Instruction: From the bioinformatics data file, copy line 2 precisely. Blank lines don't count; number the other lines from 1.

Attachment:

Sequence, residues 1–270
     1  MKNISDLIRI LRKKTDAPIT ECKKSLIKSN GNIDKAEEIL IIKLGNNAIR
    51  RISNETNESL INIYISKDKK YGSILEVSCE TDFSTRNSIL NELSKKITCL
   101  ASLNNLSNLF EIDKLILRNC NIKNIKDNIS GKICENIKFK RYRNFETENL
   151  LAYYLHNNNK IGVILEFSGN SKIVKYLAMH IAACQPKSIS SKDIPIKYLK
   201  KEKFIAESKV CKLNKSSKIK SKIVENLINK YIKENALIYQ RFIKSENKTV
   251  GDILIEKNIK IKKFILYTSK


     1  MKNISDLIRI LRKKTDAPIT ECKKSLIKSN GNIDKAEEIL IIKLGNNAIR